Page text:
Bruce Morton


And So It Goes

I consider my experience
With urns unearned, just came
With the territory that is life.

The first was hard, the second not
So. The first as father, the second
As son. The first the unexpected one,

The second inevitable. First ash
Wafted in sunshine, second ash
Poured paste in the rain.




Worry Stone

It is ovalesque, a small flattened egg,
Jet-black as the devil s gallstone,
Cradled in fingers bent to its shape,
Smooth, with but a hint of texture.
More compact, more efficient than a rosary,
The thumb moves gently, strokes, caresses
In small ellipses or back and forth.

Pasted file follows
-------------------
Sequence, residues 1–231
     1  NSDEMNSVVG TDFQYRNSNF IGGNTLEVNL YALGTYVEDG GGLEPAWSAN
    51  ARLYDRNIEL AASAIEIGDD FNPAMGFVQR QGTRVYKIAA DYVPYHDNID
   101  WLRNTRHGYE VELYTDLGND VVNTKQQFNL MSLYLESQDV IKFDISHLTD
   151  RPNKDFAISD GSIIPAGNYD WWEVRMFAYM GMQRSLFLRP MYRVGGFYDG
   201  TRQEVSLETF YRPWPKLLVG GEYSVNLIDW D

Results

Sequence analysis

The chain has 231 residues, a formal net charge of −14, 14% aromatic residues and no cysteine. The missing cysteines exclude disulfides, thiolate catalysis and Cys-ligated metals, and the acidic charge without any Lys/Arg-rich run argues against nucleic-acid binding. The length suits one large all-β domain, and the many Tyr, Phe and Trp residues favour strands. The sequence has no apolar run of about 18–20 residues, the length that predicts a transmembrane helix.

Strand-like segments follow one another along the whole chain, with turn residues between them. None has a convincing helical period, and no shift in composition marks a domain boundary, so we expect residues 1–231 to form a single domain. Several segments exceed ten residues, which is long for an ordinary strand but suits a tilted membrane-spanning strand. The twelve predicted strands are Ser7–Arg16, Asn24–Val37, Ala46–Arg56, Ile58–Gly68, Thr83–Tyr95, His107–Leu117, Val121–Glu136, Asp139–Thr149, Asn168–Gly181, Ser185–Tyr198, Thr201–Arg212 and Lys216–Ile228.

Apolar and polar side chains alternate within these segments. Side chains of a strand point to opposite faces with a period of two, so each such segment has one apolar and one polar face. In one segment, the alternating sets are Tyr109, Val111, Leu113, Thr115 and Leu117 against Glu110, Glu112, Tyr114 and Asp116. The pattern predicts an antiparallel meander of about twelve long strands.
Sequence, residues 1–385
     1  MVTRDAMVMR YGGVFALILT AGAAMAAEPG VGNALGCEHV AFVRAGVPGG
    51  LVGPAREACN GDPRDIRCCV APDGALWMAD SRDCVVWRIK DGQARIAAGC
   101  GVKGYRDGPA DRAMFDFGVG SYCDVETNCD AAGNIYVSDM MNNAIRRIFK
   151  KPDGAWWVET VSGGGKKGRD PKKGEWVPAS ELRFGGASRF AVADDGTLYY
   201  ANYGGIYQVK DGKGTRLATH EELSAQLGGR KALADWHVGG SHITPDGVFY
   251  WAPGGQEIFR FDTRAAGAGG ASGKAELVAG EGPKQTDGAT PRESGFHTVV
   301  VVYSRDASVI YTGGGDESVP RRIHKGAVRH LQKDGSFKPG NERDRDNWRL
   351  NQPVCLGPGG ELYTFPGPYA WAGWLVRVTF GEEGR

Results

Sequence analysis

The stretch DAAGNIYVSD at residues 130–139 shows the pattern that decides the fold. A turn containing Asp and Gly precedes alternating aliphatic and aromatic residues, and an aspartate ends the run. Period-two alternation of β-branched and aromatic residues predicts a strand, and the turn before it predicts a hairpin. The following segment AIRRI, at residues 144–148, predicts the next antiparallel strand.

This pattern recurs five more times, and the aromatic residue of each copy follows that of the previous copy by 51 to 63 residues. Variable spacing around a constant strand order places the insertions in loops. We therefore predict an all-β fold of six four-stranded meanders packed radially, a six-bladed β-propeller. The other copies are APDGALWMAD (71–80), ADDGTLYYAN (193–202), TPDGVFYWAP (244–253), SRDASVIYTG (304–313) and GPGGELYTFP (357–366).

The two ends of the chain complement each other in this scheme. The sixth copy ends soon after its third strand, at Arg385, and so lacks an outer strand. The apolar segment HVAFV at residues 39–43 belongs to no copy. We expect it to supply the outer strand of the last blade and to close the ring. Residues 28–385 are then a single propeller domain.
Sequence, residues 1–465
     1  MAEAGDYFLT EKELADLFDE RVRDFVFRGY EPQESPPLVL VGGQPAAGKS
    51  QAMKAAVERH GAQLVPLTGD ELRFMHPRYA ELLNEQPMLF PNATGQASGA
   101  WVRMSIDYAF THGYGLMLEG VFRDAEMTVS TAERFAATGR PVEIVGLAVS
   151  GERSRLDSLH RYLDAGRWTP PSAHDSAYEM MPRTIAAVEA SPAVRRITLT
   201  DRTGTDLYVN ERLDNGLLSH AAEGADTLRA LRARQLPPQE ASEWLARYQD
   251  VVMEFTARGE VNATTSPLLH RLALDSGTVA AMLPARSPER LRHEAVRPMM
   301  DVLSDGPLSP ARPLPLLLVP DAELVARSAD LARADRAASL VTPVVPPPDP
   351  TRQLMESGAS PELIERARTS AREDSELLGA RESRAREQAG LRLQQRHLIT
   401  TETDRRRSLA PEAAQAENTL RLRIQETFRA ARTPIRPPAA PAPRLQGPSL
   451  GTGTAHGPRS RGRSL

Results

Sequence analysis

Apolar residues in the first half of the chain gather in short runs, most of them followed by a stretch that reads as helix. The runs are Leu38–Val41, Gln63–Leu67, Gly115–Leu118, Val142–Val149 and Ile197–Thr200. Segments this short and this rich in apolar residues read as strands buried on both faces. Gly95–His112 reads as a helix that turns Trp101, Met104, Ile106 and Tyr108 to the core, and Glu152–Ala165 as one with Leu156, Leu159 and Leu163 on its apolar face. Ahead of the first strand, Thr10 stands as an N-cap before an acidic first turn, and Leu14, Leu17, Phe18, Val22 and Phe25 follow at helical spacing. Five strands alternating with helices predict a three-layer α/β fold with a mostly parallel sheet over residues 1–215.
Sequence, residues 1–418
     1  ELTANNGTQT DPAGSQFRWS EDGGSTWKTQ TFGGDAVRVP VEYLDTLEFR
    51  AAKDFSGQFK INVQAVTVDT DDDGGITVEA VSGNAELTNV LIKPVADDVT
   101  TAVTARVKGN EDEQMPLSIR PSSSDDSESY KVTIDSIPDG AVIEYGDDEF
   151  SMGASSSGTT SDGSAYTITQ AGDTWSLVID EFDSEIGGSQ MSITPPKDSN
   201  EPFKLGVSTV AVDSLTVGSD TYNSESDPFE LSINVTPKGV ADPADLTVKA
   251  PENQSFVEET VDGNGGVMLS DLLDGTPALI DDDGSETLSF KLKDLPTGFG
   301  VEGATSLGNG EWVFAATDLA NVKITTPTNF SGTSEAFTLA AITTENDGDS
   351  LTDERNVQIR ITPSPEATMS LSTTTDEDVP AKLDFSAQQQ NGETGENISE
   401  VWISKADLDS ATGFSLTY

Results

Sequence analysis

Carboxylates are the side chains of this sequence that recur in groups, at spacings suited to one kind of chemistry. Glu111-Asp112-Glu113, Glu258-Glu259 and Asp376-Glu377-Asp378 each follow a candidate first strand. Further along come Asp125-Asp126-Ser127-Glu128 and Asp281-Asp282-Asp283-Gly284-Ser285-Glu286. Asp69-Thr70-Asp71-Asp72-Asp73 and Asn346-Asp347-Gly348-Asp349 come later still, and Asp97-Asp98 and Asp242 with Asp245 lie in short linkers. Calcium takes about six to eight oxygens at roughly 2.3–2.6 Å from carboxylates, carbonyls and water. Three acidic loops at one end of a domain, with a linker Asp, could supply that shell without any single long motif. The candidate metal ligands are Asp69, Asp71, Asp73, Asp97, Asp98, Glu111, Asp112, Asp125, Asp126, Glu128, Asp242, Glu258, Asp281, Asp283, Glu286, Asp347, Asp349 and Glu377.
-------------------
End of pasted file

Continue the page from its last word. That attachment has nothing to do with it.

Press hard when pressed hard, concentrate
Energy, I feel the heat flow from me to it
And back, it to me. I grasp it is something

I must hold on to—and there s the rub.





Bruce Morton splits his time between Montana and Arizona. His poems have recently appeared in Muddy River Poetry Review, Main Street Rag, Nixes Mate Review, Ibbetson Street, and San Pedro River Review. He was formerly Dean of Libraries at Montana State University.